Most organisations approach onboarding with a one-size-fits-all solution, dealing with employees of all seniority levels in the same way. However, we know that Millennial and Generation Z employees favour automated experiences that give them the feeling the onboarding process has been personalised to their needs, with engaging and relevant content.

As with so many aspects of digital transformation, technology is not the problem. There are plenty of off-the-shelf software solutions and employee engagement App choices. The problem is creativity. We simply don’t have the resources to dramatise truly engaging content. Arguably we never had it in Human Resources, because our analogue professionals were trained to write policy documents. The pinnacle of their achievement: to produce a hard copy HR manual. Exhausting to compile: never truly finished. And almost universally ignored by anyone except those who drafted it.

Now’s the time to find creative people, who specialise in internal communications and not advertising, to help us to address this challenge.

Chris Harrison leads The Brand Inside 

www.thebrandinsideafrica.com

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Change of purpose

Someone recently amused me with a story about a new CEO  taking post. She began with a short handover meeting with her predecessor. Short because all her predecessor did was to give her three sealed envelopes. “Take these” he said, “and when things become difficult, just open an envelope.”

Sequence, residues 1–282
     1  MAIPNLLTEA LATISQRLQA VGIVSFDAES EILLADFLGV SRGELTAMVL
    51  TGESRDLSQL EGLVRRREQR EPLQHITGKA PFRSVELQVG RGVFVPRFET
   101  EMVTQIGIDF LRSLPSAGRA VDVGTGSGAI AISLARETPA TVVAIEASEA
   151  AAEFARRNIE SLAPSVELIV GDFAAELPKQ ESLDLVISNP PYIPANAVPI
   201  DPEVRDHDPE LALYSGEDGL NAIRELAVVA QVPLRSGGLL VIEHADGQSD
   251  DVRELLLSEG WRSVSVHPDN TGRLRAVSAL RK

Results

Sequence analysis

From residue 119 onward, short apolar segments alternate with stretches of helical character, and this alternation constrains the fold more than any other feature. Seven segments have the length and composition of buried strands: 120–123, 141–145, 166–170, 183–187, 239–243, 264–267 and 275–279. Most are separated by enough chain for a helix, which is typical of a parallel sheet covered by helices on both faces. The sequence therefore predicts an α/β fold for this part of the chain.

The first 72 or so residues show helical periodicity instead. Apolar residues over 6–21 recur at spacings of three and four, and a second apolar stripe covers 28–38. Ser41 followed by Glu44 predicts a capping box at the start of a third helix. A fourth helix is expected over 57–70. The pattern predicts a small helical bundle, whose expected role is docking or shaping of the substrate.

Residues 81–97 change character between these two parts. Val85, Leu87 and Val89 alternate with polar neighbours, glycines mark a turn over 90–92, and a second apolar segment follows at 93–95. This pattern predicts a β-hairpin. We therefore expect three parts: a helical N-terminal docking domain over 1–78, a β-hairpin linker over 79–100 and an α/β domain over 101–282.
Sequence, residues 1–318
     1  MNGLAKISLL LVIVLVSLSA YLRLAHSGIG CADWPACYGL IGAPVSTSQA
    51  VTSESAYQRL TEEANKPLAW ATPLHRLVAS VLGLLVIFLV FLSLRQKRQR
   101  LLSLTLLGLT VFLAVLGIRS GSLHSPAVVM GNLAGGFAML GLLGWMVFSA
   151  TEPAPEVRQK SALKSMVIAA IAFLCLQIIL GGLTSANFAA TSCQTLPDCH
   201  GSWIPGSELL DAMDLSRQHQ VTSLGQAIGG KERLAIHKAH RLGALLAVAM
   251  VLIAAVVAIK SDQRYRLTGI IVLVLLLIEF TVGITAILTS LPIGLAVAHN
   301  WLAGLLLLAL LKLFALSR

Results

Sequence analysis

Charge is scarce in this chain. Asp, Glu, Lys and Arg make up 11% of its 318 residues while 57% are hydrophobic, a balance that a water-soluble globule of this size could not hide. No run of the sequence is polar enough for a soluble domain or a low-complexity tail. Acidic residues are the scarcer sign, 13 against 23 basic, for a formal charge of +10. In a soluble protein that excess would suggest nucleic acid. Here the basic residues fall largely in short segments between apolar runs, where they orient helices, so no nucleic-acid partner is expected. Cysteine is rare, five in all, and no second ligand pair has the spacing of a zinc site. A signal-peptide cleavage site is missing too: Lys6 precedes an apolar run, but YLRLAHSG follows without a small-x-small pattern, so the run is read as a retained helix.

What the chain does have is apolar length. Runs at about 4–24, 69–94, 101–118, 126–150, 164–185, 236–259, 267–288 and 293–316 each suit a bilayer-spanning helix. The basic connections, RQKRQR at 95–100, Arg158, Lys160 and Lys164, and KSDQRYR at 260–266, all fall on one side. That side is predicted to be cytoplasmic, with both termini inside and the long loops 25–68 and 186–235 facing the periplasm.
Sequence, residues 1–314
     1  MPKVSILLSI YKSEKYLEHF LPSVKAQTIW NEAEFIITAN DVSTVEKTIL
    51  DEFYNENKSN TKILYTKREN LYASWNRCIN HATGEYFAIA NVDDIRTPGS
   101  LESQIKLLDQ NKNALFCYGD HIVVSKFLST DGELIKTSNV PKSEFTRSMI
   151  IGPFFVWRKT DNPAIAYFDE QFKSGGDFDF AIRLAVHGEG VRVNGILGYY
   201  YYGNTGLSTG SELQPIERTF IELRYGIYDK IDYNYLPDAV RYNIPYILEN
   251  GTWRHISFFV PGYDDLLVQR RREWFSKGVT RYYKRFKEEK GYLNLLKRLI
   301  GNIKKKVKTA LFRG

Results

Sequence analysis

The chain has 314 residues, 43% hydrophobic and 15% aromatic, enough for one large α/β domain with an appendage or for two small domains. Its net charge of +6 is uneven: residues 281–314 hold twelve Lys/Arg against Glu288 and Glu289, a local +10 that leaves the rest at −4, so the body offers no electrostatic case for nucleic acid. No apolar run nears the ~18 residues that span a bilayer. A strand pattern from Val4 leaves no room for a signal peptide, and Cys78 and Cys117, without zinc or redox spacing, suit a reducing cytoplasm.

The new CEO set about her job, learning the business and deciding what she would like to achieve in her first 100 days. At day 60 she became concerned about the progress she was making, so she opened the first envelope. In it was a note which read “Blame your predecessor.” 

As this was just the advice she needed, she followed it, and all went well for a while. But, six months later, she again became concerned, so she opened the second envelope and read “Restructure the company.” As this was already on her mind, she went ahead and planned a far-reaching reorganisation, then began to implement it. As the year ended, she began to wonder whether she had done the right thing, so decided to open the final envelope. The note inside read “Prepare three envelopes.”

Taking over a new leadership position is always challenging, and not least because everyone associated with the enterprise is carefully watching your progress. Trying to work out how your direction will impact 1. them personally and 2. The business. It’s a time when frequent and unequivocal communication is needed. Any ambivalence will lead to misinterpretation. Right now, I’m working to resolve this inside a large business that has acquired two competitors. The intention is to maintain all three brands, because each has a specific market and role. But the default position of employees in each of the companies is “we’re going to be merged, so our jobs are at stake.”

One action that a new leader really should take is to set a Winning Ambition for his region, company, division or department. Something that is clear, ambitious and actionable. A winning ambition statement often uses words like: “to be the best at …”, “to be the fastest growing…”, “to be the first choice for …”

This communicates a purpose and signals that ‘business as usual’ won’t be happening. Unless of course, you choose to reaffirm the existing ambition.

A clear ambition also helps to frame the other questions that must be answered. Next would be “Where will we play?” – defining the kinds of business you choose to do… and those you choose not to do.

These questions may be answered by the leader alone, but are better debated within a small team, whose participation is critical to future success. 

Chris Harrison leads The Brand Inside 

www.thebrandinsideafrica.com

Posted in African Business, African Leadership, African marketing, Behaviour change, Brand Marketing, Brand Reputation, Branded behaviours, Chris Harrison Africa, Corporate Social Responsibility, Crisis Management, Culture change, Direct marketing, Human Relations, Internal brand, Market Research, Social Media, The Brand Inside | Tagged , , , , , | Leave a comment